social media madness

It’s March and that means two things–spring is in the air and college basketball is about to take over. According to a WalletHub infographic, nearly 81 million people tuned into the NCAA’s live mobile app to watch the basketball tournament on their phones, tablets and laptops in 2015.

The madness around the tournament has millions of people talking about the event on social. In fact, WalletHub said the NCAA tournament drives roughly 350 million Twitter and Facebook impressions each year with bracket predictions, upsets and cinderella stories.

The Science of Bracket Predictions

For casual and diehard hoops fans, filling out a tournament bracket is a beloved ritual. The American Gambling Association recently stated more than 70 million NCAA tournament bracket sheets will be filled out in 2016, amounting to roughly $9.2 billion in betting.

For a lot of fans, picking teams is a blind decision where winners are chosen by jersey colors, alma maters or favorite mascots. However, some people like to go the extra mile and use math and statistics to determine their projected winner. For Sprout Social’s NCAA bracket predictions, we looked at social media analytics.

Last year we got our feet wet in the tourney pick-em by using Sprout Social’s Twitter Engagement Score for to measure social interactions revolving around each university. Let’s just say our bracket predictions were a bit off.

This year we decided to come back with a vengeance. Here are our picks for the 2016 Social Media Madness tournament:

social media madness bracket 2016

How We Made Our Bracket Predictions

For the 2016 Social Media Madness, we used Sprout Social’s Twitter Listening Report to pick our winner. Our Twitter Listening Report gives us the ability to measure @mentions, hashtags and keywords. But, in order to keep our social media predictions as accurate as possible, we only measured each basketball team’s official Twitter handle.

While we could have used hashtags and other related Twitter accounts to get more data, the info would have been skewed. For example, most schools have an official account for their athletics department, football team and women’s basketball team. Including a hashtag like “#GoJayHawks” could inflect the findings.

So How Does It Work?

Once we had the 64 handles, we broke them up into four groups of 16, with each group representing a region (like a standard NCAA bracket). We set our Twitter Listening Report to measure the total keyword volume from March 1–15. To pick our winners, we put teams head-to-head and chose the college with the greater volume of keyword usage.

group of 16 in south region

Here you can see all 16 teams within the South Region and the total volume per Twitter handle for each. We took the teams scheduled to play one another and made our decisions from there.

austin peay vs kansas

In this instance, Kansas is set to play Austin Peay in the first Round of 64. We put the team’s official Twitter handles @kuhoops against @AustinPeayMBB. Of the approximately 5,000 instances where either handle was mentioned, Kansas had 73% of the total keyword volume, while Austin Peay made up the remaining 27%.

kansas and austin peavy total volume

Each winner moved on to the next round and had its Twitter handle volume measured against the next opponent.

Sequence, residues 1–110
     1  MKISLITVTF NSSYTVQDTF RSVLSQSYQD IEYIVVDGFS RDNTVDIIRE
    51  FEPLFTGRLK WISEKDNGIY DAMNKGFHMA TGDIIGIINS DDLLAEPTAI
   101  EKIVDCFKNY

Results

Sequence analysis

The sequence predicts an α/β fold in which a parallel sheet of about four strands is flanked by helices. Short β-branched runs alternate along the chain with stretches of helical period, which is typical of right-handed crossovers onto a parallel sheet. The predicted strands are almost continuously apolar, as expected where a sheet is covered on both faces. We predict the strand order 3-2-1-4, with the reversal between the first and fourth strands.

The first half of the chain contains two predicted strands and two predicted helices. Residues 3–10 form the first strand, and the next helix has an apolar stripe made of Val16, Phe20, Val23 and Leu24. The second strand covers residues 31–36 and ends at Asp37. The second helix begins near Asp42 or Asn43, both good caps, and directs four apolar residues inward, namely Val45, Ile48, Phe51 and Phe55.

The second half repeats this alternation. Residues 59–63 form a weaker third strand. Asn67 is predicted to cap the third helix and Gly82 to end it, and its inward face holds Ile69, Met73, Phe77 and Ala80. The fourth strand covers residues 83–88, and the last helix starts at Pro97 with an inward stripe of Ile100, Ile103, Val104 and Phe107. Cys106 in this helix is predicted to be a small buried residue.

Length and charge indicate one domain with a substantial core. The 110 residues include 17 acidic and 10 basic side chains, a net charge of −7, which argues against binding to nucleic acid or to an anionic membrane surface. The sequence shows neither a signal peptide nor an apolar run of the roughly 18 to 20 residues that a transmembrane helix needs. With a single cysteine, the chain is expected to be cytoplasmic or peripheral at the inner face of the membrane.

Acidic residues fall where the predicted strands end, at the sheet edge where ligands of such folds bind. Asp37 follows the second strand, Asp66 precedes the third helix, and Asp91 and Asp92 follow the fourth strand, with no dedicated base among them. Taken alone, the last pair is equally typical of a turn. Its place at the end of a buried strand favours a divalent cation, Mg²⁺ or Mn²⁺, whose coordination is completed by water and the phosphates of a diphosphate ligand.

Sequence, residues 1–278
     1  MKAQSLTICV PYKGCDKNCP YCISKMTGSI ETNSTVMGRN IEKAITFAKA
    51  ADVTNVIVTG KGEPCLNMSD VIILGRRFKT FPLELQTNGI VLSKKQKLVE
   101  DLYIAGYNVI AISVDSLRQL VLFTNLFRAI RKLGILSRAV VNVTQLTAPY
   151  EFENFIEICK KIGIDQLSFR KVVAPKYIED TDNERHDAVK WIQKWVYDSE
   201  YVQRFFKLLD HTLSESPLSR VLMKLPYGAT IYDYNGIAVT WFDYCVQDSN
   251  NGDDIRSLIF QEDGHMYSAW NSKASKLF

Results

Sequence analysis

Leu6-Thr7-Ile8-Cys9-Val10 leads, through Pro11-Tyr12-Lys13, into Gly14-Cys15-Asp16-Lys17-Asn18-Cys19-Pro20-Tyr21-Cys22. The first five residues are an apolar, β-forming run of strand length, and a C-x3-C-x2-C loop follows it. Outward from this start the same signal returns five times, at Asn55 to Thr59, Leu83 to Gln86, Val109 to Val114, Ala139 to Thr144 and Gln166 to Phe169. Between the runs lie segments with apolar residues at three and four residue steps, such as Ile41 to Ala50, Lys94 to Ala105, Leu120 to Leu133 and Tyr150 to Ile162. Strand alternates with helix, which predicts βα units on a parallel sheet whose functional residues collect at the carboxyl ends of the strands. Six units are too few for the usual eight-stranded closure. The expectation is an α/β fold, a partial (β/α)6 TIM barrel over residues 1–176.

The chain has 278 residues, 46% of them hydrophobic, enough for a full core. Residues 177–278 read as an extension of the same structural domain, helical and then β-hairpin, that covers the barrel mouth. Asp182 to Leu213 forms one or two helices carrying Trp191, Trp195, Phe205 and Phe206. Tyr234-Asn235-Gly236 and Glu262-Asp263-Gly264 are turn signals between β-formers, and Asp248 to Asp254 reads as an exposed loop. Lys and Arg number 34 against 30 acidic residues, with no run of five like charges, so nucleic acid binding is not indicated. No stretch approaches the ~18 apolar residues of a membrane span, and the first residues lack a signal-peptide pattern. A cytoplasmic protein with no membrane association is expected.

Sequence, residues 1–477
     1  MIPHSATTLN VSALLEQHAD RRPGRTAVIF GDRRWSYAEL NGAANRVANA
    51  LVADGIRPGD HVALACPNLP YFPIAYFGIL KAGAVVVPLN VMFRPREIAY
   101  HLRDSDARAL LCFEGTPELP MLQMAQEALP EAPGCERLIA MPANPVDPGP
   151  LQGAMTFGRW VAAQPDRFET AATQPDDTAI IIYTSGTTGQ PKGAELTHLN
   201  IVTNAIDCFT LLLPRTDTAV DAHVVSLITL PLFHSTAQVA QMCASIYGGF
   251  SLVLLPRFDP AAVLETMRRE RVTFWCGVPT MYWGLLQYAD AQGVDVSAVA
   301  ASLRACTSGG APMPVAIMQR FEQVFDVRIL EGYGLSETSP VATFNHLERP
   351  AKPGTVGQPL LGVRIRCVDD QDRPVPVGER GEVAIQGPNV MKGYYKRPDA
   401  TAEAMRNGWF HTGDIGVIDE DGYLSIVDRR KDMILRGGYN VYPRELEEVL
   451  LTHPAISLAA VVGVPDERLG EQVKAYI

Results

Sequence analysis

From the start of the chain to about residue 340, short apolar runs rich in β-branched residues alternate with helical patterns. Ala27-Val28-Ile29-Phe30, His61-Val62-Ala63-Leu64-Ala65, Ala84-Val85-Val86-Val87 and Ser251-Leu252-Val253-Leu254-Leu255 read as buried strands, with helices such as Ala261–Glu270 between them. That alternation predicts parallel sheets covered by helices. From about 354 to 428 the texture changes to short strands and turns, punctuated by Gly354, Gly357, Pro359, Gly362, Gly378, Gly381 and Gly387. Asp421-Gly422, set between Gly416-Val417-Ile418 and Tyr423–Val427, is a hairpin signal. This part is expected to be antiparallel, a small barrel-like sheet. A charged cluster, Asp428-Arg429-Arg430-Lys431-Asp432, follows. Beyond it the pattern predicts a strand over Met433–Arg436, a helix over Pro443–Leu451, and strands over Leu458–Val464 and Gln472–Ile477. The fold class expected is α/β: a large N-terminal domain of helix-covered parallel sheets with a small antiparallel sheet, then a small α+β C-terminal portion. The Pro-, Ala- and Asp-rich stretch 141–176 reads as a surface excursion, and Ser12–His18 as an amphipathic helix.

What Decides the Keyword Volume?

If you’re wondering how Twitter analytics could be so cautious with its picks, it really comes down to keyword usage. With Sunday’s picks coming in, there was a lot of buzz on Twitter around each team, which had many Tweeting at the college hoops handles.

David vs Goliath

With the high percentage of No.1 seeds and popular universities making it far in our bracket, it makes sense their handles would be used more in this time period. Secondly, schools who barely made it in the tournament are likely going to receive fewer Tweets and @mentions.

Notable Bracket Outcomes

While our bracket was built only using data from Sprout’s Twitter analytics tools and not based on which team was favored, notable bracket outcomes should still be noted.

Some of you diehard NCAA fans might be shaking your head at the idea of letting Twitter analytics decide the winners of the tournament.

yahoo's report

We used Yahoo’s Fantasy Sports to compare our biggest upsets and other bracket predictions. Here are some of the top highlights from our data:

  • Only five upsets in the Round of 64.
  • Only four upsets in the Round of 32.
  • Every No. 1 seed made it to the Round of 16.
  • Three out of four No. 1 seeds made it to the Round of 8.

The biggest upsets included:

  • Wisconsin over Xavier (Round of 32)
  • Michigan over West Virginia (Round of 32)
  • Seton Hall over Utah (Round of 32)
  • California over Maryland (Round of 32)
  • Purdue over Virginia (Round of 16)
  • Oregon over Kansas (Round of 4)

Conclusion

Through Sprout’s Twitter Listening Report, we were able to make what appears to be a relatively safe and smart pick for the winner. According to CBS Sports, North Carolina is currently at 7/1 odds to win it all, which is third-best only to Michigan State’s 11/2 and Kansas’s 5/1 odds.

Just like everyone else’s bracket, if there’s a major upset, our picks are toast. But with the volume of Tweets likely to come for a school that pulls off a major upset, if we did the report again, they’d likely be chosen to go much further–hence, the cinderella story.

Feel free to come back and check on our bracket as the tournament continues. Happy bracket picking!